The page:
Pointless Nonsense

Posted in tv by Bill on April 17, 2011

Season 2 General Thoughts:

  • They must have cut the music budget for season 2. What sounded like a live orchestra last season sounds synthesized now. I think they spent the savings on air rams, because many episodes have a scene where an explosion sends an enemy no-name flying into the air in that totally un-explosion-like way air rams always launch people.
  • They’ve been taking in a lot of refugees from other planets, and supposedly finding new planets to resettle them. I’d think that would be extremely problematic. Ignoring the issue of new diseases, imagine being placed in the wild on a planet you’ve never seen before. Which plants are edible? Which animals are dangerous? Which can you domesticate? I think the odds of you all dying off within a generation would be pretty high.
  • Whenever they go somewhere that Teal’c knows, he always figures it out just after (or just as) the location or the inhabitants screw them.
  • I did not watch the opening credits ever in the first season, but I let them run once this time. They’re are long.
  • They seem to have abandoned the whole idea that you come out really cold on the other end of a gate.
  • The whole season is littered with very abrupt cuts to black in places that don’t seem like act breaks. The only thing I can think is that it was aired without commercials on Showtime, edited to have commercials for syndication, and then the dvd used that version with the commercials removed.
  • Less cheesecake this season, as evidenced by only two screencaps of such scenes below.

Episode by episode:

Episode 1:

  • We left off with SG-1 aboard the Goa’uld ships about to attack Earth, which will likely result in the government not scrapping the stargate program. The episode starts with them preparing to blow themselves up and the ship with it, which they attempt to mine for the drama of impending self-sacrifice, but no series has the balls to kill their entire main cast in the first episode of a season. So they get captured and would surely be killed if Teal’c’s friend Salmon Rushdie (whose character name I will never remember) were not conveniently the guy assigned to execute them.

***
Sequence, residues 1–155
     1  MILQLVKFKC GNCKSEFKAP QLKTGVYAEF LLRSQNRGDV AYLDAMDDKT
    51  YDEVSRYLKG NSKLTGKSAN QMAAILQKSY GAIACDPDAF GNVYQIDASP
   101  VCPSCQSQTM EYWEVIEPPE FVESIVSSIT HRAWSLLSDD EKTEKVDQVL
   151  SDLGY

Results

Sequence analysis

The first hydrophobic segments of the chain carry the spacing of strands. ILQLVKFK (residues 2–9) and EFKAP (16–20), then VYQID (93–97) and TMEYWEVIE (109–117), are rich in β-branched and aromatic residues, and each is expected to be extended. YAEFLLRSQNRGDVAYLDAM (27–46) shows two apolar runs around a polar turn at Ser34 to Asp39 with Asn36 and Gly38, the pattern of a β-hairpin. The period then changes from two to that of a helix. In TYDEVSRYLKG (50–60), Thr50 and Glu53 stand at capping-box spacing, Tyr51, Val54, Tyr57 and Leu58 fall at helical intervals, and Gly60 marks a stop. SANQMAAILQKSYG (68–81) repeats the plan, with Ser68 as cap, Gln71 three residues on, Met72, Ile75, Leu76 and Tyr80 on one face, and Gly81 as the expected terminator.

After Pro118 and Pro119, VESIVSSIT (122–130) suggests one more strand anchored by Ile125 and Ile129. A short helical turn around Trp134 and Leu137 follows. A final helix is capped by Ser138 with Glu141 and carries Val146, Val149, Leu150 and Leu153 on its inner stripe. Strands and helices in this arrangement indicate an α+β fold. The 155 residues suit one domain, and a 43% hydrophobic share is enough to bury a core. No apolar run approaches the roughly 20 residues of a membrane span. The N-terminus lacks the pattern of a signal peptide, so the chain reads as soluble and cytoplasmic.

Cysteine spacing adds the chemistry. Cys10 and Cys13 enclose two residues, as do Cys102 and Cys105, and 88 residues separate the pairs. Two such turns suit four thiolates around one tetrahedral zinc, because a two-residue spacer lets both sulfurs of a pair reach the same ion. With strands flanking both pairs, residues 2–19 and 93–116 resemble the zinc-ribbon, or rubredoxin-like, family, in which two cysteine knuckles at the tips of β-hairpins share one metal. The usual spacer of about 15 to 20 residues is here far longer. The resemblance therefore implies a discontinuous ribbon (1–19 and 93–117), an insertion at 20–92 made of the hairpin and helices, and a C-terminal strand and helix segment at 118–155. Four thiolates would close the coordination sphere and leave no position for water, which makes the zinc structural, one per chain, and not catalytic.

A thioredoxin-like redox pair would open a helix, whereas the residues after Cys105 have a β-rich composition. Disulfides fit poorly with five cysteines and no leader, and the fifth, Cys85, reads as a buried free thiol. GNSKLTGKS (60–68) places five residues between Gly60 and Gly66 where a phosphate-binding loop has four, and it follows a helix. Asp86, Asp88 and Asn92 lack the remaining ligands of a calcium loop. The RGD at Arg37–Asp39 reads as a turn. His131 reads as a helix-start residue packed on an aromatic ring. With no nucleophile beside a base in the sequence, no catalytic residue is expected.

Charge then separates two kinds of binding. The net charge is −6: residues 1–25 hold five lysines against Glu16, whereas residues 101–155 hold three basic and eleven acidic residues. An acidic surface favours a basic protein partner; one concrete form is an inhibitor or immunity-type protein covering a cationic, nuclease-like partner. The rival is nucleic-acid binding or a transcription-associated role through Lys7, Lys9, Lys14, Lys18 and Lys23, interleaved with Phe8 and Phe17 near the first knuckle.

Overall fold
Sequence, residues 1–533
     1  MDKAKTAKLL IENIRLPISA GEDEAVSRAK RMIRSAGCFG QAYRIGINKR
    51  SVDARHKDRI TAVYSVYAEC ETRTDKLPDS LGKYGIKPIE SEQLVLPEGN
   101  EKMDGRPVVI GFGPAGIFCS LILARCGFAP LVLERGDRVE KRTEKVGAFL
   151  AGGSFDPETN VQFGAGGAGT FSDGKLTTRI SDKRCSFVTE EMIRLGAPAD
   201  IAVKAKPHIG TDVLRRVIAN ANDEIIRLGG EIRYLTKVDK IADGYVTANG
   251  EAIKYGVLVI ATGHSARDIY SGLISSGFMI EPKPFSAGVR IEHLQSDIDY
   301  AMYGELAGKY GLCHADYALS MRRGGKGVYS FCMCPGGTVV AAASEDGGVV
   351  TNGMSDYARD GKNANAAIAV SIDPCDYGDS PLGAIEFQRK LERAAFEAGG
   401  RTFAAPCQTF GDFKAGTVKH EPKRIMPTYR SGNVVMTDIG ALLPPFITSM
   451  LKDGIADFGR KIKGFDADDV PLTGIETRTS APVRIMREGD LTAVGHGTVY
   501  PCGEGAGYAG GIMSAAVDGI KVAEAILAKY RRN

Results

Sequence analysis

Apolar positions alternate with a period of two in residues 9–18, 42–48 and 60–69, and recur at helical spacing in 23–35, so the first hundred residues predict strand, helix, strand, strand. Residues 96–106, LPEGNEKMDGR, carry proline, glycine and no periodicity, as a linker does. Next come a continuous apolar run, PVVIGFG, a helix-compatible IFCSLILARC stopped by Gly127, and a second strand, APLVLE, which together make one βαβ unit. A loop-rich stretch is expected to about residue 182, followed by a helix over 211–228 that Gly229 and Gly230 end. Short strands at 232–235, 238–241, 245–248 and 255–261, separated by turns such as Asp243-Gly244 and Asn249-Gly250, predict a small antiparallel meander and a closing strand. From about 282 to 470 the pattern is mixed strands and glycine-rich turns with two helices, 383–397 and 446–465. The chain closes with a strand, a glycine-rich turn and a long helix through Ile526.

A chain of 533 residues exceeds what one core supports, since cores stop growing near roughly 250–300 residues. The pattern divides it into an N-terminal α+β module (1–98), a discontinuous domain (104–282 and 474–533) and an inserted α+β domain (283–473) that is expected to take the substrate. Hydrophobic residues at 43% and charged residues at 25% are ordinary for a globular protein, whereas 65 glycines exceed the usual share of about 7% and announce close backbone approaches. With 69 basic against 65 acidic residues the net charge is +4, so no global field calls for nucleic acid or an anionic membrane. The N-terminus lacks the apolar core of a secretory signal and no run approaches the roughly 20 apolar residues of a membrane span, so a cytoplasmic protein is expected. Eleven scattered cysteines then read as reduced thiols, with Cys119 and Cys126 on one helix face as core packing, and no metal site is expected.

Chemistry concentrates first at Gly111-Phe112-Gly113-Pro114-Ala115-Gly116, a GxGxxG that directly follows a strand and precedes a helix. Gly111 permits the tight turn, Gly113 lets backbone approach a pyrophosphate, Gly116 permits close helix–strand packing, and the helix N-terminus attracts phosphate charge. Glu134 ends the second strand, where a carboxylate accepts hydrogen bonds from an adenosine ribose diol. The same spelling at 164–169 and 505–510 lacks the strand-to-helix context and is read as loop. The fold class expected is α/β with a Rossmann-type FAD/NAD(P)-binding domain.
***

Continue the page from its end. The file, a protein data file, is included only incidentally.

Episode 2:

  • Carter’s giving CPR to a guy with a bloody mouth, which again could bring all kinds of crazy diseases back with her to earth, but no no precautions are taken. She actually brought back a Goa’uld. But it’s a good Goa’uld, so no big deal. Pre-emptive spoiler alert: she will somehow get rid of the thing and survive.
  • They actually do bring back the little girl from towards the end of last season, I was expecting them to pretend like it never happened. Kinda hoping, actually, because these scenes are awful. It’s like Wesley Crusher and Chrissy Seaver from Growing Pains all rolled into one.

Episode 3:

  • The team is sent to a prison planet by stargate but with no dial-out device to get back. Carter is instantly seized for the purposes of being raped, but that would be too dark for this show, so she’s immediately rescued by the old lady who for some reason is in charge.
  • Negotiating the release of prisoners with a foreign culture falls to the General somehow and not a diplomat. He seems to have fucked it up, but I get the feeling they will be released somehow.
  • They escape with the kindly old lady, but in an actually cool twist, she turns out to be a mad scientist known as a destroyer of worlds who they just let loose on the galaxy. They leave it hanging, so they better bring her back. You can never go wrong with a mad scientist.

Episode 4:

  • As soon as I saw the pods, I believed they had gated into the Matrix, and it turns out they have (though this actually predates The Matrix). The pods plug into their brains and O’Neill is relives a disastrous mission from the 80s (with Teal’c along for the ride) and Jackson relives his parents’ death (wth Carter along for the ride). Turns out Murdock from The A-Team (with a British accent) is a Q ripoff forcing them to relive painful memories.
  • They get out far too easily and obviously they’re still in the virtual world, but they don’t take any steps to try to verify that they’re in the real world.

Episode 5:

  • On a planet where they mine some kinda mystery material, a kinda hot princess is about to kill herself when Jackson saves her. Naturally, this results in them being put in prison in a mine (or, due to the cheap budget of the show, a rocky set where the actors hit the walls with hammers). Jackson is badly hurt in an escape attempt, so cue the magic box to heal him completely.
  • Turns out the King uses the magic box routinely to end his life, but it seems like it’s making him malleable and the princess actually controls the place by pushing him in the right direction. She gets Jackson to use it repeatedly, and it’s made him not need glasses, but it’s also made him loopy and irritable.